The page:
General discussion

Locked

How is a "trigger port" used in router?

By anjant ·
I am configuring a Belkin router in my SOHO for video conferencing. There is an area for "Special Applications Settings" that has following fields > TriggerPort TriggerType(TCP/UDP) PublicPort PortType(TCP/UDP) EnableCheckbox < . My application documents various ports that need to be open but it is not clear what is to be used for TriggerPort. Router manual examples 1 TriggerPort with many corresponding PublicPorts. I need to understand how an application uses TriggerPorts to communicate. Once I understand this, I am hopeful I will be able to read between lines in application documentation to understand what I need to setup my router. Thanks. >>Anjan>

This conversation is currently closed to new comments.

3 total posts (Page 1 of 1)  
| Thread display: Collapse - | Expand +

All Comments

Collapse -

by CG IT In reply to How is a "trigger port" u ...

This in nothing more that Belkin using their own unique words for describing public and LAN ports. Confusing to the lay person but nonetheless a port is a port.

So with that, an application running on your computer that wishes to access the internet initiates or triggers an "outbound" request to the router. The router then sends along that request to the internet, if allowed, via rules or filters that you have setup. Same for "inbound" requests from the internet.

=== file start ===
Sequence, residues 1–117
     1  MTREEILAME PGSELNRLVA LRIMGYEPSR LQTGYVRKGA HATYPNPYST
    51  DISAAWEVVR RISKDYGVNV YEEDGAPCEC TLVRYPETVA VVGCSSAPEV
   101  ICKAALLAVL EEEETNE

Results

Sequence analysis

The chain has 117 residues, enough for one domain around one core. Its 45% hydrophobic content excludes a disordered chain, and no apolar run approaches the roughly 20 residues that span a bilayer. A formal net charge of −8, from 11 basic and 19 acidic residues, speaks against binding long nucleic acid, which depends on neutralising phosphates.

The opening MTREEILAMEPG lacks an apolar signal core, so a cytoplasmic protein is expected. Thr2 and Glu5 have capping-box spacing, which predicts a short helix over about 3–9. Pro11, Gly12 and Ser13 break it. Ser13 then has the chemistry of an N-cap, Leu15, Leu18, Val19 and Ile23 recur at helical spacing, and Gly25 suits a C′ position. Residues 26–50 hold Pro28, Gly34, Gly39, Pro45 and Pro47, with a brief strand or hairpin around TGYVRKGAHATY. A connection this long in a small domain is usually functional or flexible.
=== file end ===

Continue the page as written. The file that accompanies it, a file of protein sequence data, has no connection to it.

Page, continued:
For instance, when you click on Internet Explorer, that action initiates or triggers an "outbound" request over port 80 [default port used for web pages] to the default web site you've chosen for your home page on Internet Explorer [like MSN or Yahoo or whatever]. Once the web site page if found it's sent to your computer as an "inbound" request over port 80. Provided you've allowed "inbound" traffic over port 80, Internet Explorer will display the requested page on your screen.

Various well known ports by RFC can be found by doing an internet search for the name well known ports. There are numerous sites which post what those ports are. Some common ones are: port 80 for HTTP [web pages]. port 21 for file transfer. port 25 for SMTP mail. port 110 for POP3 and so on.

Collapse -

by anjant In reply to

Poster rated this answer.
The answer indeed cleared up my confusion and helped me with my work. The answer was clearly writen and easy to understand. Thank you.

Collapse -

by anjant In reply to How is a "trigger port" u ...

This question was closed by the author

Back to Networks Forum
3 total posts (Page 1 of 1)  

Related Discussions

Related Forums